Amanda Vickery was on TV recently, filmed in the cemetery at Passy and deploring the modesty of Berthe Morisot’s gravestone compared with that of Edouard Manet (The Story Of Women And Art, BBC2). Off-topic digression – at the risk of sounding like Brian Sewell, for how many of the 60 minutes in each episode was Dr. Vickery off-screen? Not nearly enough for me. The constant in-your-face intrusion of the presenter, the arms that never cease from semaphoring and the wildly declamatory oratory contribute nothing to understanding and test the patience of even the most saintly viewer like myself. Back to the topic – it is surely misguided to equate the achievement of the deceased with the grandeur of their tomb. A recent walk around Père Lachaise on the trail of famous painters produced some interesting examples.
At the top is the grave of Georges Seurat – an austere family vault, a space-saving design of the type supplied by any of the monumental masons whose premises line the boulevard de Ménilmontant. Movie buffs may recall young Georges, perched on a stepladder in front of La Grande Jatte, discoursing on Divisionism to an excitable Van Gogh (Kirk Douglas) in Minnelli’s Lust for Life bio-pic. When Seurat died at the age of 31 he left behind some of the most significant and beautiful paintings of the 1880s and a career trajectory of immense potential that was cruelly truncated. The relative anonymity of his grave seems in keeping with his famous sense of privacy which has ensured that his biography is a scanty affair.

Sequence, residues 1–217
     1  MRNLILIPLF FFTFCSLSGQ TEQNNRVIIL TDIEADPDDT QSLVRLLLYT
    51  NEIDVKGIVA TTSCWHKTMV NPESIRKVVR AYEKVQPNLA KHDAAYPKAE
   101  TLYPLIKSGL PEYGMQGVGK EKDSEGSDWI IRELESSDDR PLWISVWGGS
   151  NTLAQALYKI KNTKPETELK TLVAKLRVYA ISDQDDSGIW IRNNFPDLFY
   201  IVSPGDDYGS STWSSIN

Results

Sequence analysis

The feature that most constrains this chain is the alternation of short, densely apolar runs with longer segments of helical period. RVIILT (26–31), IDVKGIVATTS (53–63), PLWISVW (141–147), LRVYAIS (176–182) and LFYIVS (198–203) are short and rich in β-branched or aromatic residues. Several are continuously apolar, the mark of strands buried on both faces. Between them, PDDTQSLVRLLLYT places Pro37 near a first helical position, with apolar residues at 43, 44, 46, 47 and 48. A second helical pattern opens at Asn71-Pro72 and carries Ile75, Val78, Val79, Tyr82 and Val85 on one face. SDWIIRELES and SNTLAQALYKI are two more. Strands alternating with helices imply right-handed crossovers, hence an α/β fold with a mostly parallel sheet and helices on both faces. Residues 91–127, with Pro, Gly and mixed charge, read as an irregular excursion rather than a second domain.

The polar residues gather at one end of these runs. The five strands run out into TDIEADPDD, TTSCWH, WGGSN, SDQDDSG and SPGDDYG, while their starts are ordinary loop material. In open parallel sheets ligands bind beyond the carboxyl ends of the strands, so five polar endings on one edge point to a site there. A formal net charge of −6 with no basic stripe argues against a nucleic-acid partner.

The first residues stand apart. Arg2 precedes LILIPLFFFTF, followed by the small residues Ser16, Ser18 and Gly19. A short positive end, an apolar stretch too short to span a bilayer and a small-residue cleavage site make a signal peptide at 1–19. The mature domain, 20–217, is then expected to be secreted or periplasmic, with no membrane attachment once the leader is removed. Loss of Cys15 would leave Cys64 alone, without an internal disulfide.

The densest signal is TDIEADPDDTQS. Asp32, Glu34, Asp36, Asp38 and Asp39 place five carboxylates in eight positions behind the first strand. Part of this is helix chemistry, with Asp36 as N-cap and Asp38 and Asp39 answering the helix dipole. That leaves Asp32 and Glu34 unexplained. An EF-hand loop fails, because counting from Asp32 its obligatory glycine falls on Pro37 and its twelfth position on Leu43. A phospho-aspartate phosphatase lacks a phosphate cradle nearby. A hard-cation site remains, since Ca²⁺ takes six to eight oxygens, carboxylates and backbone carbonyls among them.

The tomb of Delacroix is more substantial and a simple inscription is left to speak for itself. That of Ingres includes a suitably severe portrait bust set into an alcove in a Neo-Classical plinth. Together they set a benchmark for dignified commemoration. Théodore Géricault died in 1824 at the age of 32 after a short but explosive career in which he developed a taste for visual melodrama on a grand scale that peaked in 1819 with Le Radeau de la Méduse, equally vast in terms of ambition and influence. This painting can be seen, modelled in relief on the side of Géricault’s memorial, on top of which his carved likeness lounges, paintbrush at the ready, in the manner of a sultan in his harem. This is a more grand affair with more than a little theatre about it, but compared with what follows, it’s a model of restraint.
For the full symphony of bereavement we turn to the last resting place of Paul Baudry, an academic painter held in high esteem by his contemporaries whose reputation has not endured. History painting and classical subjects make up most of his surviving work but his real passion was for painting rear views of reclining female nudes with classical credentials to silence the prudish. The disembodied and moustachioed head of the artist rises from a plinth, cradled by an angel’s wing while a female figure, shrouded in mourning, sobs in silent despair at the base of the structure. What seemed appropriate and fitting in 1886 now appears disproportionate, extravagant and absurd in the light of history’s revaluation.